Tuesday, May 22, 2012

Director Spotlight #7.12: Ridley Scott's Gladiator

Every month, Director Spotlight takes a look at an auteur, shines some light on a few items in the director’s body of work, points out what makes them an artist, and shows why some of their films work and some don’t. May’s director is the eternally meticulous Ridley Scott.

Grade: 80 (B+)

In my Overlooked Gems piece on Valhalla Rising last year, I wrote that part of the film’s virtue is that the film wasn’t marred with “faux-Shakespearean dialogue like Gladiator or self-important hooey like Braveheart”. “Self-important hooey” still applies to Braveheart, a film that mixes cornball theatrics and queasy, sadistic obsessions with martyrdom that have become Mel Gibson’s forte, but my charge that Gladiator was another mediocrity was a bit harsh. The film lacks the thematic depth of earlier Ridley Scott triumphs like Alien and Blade Runner, the script is often familiar and more than a little over-the-top, and the third act is a bit overextended . But Gladiator is still rousing entertainment, and it marks the beginning of one of Scott’s more successful runs.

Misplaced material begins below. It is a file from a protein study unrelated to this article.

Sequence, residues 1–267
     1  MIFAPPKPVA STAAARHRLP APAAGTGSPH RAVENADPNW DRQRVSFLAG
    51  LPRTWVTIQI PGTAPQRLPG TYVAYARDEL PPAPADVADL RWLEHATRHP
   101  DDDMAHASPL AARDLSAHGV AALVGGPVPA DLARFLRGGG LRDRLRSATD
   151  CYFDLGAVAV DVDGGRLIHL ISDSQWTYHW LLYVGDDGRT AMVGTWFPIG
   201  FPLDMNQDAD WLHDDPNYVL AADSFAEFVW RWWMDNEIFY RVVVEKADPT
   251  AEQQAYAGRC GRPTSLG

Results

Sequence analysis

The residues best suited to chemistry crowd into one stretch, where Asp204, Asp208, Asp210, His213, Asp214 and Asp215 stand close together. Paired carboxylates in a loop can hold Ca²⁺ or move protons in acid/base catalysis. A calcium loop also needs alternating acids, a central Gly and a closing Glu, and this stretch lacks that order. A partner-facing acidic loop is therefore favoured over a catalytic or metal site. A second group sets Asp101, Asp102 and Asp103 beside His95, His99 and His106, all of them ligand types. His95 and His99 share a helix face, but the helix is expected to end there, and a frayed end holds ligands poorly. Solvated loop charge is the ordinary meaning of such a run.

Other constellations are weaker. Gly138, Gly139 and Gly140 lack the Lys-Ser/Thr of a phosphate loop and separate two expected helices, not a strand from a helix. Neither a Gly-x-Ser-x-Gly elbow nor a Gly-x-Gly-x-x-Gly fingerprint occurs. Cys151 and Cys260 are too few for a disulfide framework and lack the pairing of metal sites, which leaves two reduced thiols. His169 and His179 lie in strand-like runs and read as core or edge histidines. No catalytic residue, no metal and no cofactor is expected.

Maximus (Russell Crowe) is a general for the Roman Empire under dying Emperor Marcus Aurelius (Richard Harris). Maximus wishes to return home to his wife and son following their victory against the Germanic tribes, but Marcus Aurelius asks the decent Maximus to temporarily take leadership over Rome and restore power to the Senate. Commodus (Joaquin Phoenix), the emperor’s wicked son, is heartbroken and bitter over his father’s decision, and he kills his father and order’s the deaths of Maximus and his family. Maximus escapes, but is too late to save his wife and son. Sold into slavery to gladiator trainer Proximo (the late Oliver Reed in his final role), Maximus and others are forced to compete in the deadly gladiatorial games. But Maximus takes this opportunity to win the favor of the people of Rome, conspire with the enemies of Commodus, and exact his revenge.